Tag: Literature

Jorge Amado and the complicated optimism of Brazil

Jorge Amado and the complicated optimism of Brazil

When the (English-speaking) readers are asked to name popular Brazilian authors, the lionized name of Paulo Coelho is typically first to pop in mind. Strange and indubitably ignorant it is that the abundant caverns of that vast nation’s literary heritage are but so scantly explored by the Anglosphere. Take the acclaimed modernist Jorge Amado, for instance. Accolades from Camus and Sartre. A bouquet of medals from USSR and Francois Mitterrand. Retold in 49 languages and immortalized on film. And yet, many of his colourful works are only now beginning to be properly courted by translators, with a number of some lovely English versions arriving on bookshelves in recent years.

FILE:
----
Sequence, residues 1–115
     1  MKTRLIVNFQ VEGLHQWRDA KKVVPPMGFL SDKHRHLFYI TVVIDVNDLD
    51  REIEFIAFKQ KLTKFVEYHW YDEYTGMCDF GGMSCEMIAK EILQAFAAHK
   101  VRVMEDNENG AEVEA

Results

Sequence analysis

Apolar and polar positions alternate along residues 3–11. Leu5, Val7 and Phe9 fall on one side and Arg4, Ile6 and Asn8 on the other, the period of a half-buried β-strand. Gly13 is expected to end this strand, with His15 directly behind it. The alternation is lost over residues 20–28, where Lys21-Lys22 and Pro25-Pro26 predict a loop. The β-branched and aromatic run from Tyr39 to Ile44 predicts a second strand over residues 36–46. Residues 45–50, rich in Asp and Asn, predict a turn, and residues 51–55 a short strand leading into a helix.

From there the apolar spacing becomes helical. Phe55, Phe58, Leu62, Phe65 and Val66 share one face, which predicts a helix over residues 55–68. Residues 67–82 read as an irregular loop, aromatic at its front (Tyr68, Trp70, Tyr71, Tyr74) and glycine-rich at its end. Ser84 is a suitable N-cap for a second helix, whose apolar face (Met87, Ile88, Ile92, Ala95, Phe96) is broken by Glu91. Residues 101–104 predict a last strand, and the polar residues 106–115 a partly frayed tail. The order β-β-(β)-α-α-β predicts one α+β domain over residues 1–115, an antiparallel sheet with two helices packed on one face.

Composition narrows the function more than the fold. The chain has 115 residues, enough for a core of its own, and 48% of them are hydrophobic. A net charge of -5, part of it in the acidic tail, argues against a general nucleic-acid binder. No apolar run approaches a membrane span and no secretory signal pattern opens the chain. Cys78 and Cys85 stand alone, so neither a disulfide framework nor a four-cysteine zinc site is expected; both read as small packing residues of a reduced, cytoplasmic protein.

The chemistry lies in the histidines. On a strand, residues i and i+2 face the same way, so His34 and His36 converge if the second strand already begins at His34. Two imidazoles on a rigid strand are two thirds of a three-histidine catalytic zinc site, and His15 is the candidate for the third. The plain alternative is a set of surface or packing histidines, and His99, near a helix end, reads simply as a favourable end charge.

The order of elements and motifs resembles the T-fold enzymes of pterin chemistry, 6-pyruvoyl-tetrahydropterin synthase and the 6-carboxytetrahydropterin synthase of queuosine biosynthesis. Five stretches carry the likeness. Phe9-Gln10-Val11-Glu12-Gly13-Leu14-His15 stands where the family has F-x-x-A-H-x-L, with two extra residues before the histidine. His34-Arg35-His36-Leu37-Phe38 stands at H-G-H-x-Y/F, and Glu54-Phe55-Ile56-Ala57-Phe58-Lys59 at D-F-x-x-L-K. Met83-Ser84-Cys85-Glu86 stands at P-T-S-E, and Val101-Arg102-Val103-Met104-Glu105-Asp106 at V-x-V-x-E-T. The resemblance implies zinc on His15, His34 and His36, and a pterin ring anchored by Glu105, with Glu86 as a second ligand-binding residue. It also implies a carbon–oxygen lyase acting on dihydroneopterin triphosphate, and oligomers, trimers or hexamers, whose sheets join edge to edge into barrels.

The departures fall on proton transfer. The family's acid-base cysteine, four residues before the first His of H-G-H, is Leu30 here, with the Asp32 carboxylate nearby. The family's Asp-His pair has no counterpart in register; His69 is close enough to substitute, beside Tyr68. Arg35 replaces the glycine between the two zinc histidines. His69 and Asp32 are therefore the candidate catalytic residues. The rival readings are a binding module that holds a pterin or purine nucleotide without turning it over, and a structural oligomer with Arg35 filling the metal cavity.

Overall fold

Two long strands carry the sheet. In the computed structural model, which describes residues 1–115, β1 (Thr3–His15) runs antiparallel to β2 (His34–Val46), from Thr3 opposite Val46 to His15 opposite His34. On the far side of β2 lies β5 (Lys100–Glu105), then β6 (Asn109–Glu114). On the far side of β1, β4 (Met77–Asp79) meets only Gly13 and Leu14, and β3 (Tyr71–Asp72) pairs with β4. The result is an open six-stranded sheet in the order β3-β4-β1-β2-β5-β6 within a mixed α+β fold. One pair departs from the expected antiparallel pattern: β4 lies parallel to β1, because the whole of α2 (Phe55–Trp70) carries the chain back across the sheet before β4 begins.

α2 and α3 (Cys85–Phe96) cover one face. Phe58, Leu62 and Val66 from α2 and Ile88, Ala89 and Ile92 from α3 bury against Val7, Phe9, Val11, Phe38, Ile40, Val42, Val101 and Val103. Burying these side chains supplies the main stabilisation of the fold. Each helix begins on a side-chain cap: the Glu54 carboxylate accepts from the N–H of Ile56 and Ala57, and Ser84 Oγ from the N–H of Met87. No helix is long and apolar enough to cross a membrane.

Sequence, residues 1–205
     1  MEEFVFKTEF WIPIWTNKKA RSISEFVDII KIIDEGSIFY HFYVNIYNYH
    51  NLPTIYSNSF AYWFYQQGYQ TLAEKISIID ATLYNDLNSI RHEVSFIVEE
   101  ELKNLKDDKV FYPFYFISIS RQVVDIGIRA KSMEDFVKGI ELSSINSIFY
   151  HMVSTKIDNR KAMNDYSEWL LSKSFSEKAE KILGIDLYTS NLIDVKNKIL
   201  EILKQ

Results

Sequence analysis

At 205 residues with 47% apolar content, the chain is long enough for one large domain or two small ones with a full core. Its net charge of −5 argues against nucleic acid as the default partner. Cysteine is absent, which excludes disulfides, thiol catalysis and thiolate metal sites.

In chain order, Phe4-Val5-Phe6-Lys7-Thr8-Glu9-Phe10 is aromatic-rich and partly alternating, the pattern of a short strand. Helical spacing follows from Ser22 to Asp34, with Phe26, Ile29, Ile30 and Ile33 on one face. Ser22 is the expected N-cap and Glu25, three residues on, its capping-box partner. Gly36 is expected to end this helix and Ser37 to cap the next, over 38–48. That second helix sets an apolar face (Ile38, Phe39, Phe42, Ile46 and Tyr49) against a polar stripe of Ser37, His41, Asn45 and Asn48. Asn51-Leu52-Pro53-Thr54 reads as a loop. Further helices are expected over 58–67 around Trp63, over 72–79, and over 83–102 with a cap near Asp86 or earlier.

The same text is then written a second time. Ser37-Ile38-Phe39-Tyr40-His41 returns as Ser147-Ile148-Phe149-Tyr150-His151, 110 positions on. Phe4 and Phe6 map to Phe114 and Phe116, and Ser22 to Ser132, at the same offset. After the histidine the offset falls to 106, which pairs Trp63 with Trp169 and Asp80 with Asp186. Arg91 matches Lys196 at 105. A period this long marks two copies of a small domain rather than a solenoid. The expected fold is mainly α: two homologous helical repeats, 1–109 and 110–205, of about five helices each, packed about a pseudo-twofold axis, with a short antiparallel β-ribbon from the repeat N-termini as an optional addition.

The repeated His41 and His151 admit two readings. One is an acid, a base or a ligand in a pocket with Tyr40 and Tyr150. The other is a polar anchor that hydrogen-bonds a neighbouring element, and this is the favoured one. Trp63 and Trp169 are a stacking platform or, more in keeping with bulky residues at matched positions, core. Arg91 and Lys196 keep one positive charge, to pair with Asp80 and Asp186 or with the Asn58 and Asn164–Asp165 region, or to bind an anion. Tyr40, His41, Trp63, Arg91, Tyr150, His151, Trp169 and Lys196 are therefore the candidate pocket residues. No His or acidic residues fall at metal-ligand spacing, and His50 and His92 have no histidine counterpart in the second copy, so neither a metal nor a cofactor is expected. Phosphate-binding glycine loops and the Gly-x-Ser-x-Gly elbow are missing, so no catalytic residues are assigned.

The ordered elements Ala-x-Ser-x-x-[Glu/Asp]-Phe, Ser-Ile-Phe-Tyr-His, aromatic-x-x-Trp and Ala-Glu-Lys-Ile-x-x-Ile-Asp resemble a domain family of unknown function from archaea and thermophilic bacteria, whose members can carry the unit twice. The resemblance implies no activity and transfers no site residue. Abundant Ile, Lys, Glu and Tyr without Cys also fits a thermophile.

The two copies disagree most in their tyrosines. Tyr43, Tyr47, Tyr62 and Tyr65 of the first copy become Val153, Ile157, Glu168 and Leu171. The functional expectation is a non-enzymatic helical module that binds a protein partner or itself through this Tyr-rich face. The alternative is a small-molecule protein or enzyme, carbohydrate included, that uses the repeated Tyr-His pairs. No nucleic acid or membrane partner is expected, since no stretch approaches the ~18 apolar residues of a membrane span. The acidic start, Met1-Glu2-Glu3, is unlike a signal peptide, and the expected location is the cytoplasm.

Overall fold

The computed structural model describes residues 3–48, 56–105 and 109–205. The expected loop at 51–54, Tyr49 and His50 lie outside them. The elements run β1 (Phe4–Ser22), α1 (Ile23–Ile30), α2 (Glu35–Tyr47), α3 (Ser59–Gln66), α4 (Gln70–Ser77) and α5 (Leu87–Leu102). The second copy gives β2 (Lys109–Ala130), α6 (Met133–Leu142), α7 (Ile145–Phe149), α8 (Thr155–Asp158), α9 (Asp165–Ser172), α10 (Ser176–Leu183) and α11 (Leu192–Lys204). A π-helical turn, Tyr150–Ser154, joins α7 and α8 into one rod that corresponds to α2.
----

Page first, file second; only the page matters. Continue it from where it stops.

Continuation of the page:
In thirty-odd novels Amado gives us Brazil as it was growing into its glorious self in the first half of 20th century. Vibrant, messy, joyful, confused, diverse, hungry, lusty, devout, loving, jealous, and above all passionate for life as it unravels, faithfully accompanied by fiery cachaça. It is not all carnival, vaudeville, and picaresque though. There’s also slavery, exploitation, class struggle, poverty, and the complicated wealth of cocoa plantations. This elaborate tapestry is sewn together by the elegant threads of Amado’s aesthetics. At times, it almost reads like a bombastic cocktail of Mark Twain and Nikolai Gogol: buxom dames, heart-of-gold bums, charismatic thieves, philosopher shopkeepers, erudite vagabonds, and other assorted folk from various walks of life in sunny Bahia. Amado the communist doesn’t always go to labour to fully delineate the ideological barricade between the “rich baddies” and the “poor goodies”, however the message that the best kind of fun love, friendship and loyalty can only be found among the inhabitants of poorer communities is clear and recurring.